lasting a comparatively short time; briefa quick flight
accomplishing something in a time that is shorter than normala quick worker
characterized by rapidity of movement; swift or fasta quick walker
immediate or prompta quick reply
(postpositive) eager or ready to perform (an action)quick to criticize
responsive to stimulation; perceptive or alert; livelya quick eye
eager or enthusiastic for learninga quick intelligence
easily excited or arouseda quick temper
skilfully swift or nimble in one's movements or actions; deftquick fingers
  1. alive; living
  2. (as noun)living people (esp in the phrase the quick and the dead)
archaic, or dialect lively or eagera quick dog
(of a fire) burning briskly
composed of living plantsa quick hedge
dialect (of sand) lacking firmness through being wet
quick with child archaic pregnant, esp being in an advanced state of pregnancy, when the movements of the fetus can be felt


any area of living flesh that is highly sensitive to pain or touch, esp that under a toenail or fingernail or around a healing wound
the vital or most important part (of a thing)
cut someone to the quick to hurt someone's feelings deeply; offend gravely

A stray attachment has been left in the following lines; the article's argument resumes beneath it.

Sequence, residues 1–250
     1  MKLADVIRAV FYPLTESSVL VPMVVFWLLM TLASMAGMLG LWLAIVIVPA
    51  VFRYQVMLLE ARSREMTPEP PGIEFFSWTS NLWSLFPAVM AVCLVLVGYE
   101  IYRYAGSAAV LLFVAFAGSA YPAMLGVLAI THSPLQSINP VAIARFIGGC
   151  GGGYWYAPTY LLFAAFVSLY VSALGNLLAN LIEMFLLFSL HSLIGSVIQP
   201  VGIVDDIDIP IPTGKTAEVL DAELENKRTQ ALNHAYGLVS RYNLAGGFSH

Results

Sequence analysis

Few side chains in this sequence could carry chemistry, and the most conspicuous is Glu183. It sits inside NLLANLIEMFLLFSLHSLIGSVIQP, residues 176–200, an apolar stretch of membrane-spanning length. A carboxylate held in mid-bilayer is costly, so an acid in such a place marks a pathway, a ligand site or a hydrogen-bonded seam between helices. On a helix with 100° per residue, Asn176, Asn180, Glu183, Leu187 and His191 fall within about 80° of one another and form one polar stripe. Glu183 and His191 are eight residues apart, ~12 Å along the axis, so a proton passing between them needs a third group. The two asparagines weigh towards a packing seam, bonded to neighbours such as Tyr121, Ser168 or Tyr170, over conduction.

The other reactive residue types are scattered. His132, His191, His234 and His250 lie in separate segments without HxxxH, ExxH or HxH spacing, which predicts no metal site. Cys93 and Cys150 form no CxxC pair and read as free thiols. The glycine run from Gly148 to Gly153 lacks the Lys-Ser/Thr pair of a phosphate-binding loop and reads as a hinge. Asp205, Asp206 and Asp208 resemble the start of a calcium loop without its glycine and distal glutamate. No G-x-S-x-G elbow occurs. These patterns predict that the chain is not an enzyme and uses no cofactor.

adverb informal

in a rapid or speedy manner; swiftly
soonI hope he comes quick


a command requiring the hearer to perform an action immediately or in as short a time as possible
Derived Formsquickly, adverbquickness, noun

Word Origin for quick

Old English cwicu living; related to Old Saxon quik, Old High German queck, Old Norse kvikr alive, Latin vīvus alive, Greek bios life
Collins English Dictionary - Complete & Unabridged 2012 Digital Edition © William Collins Sons & Co. Ltd. 1979, 1986 © HarperCollins Publishers 1998, 2000, 2003, 2005, 2006, 2007, 2009, 2012

Word Origin and History for cut to the quick



Old English cwic "living, alive, animate," and figuratively, of mental qualities, "rapid, ready," from Proto-Germanic *kwikwaz (cf. Old Saxon and Old Frisian quik, Old Norse kvikr "living, alive," Dutch kwik "lively, bright, sprightly," Old High German quec "lively," German keck "bold"), from PIE root *gweie- "to live" (see bio-). Sense of "lively, swift" developed by late 12c., on notion of "full of life."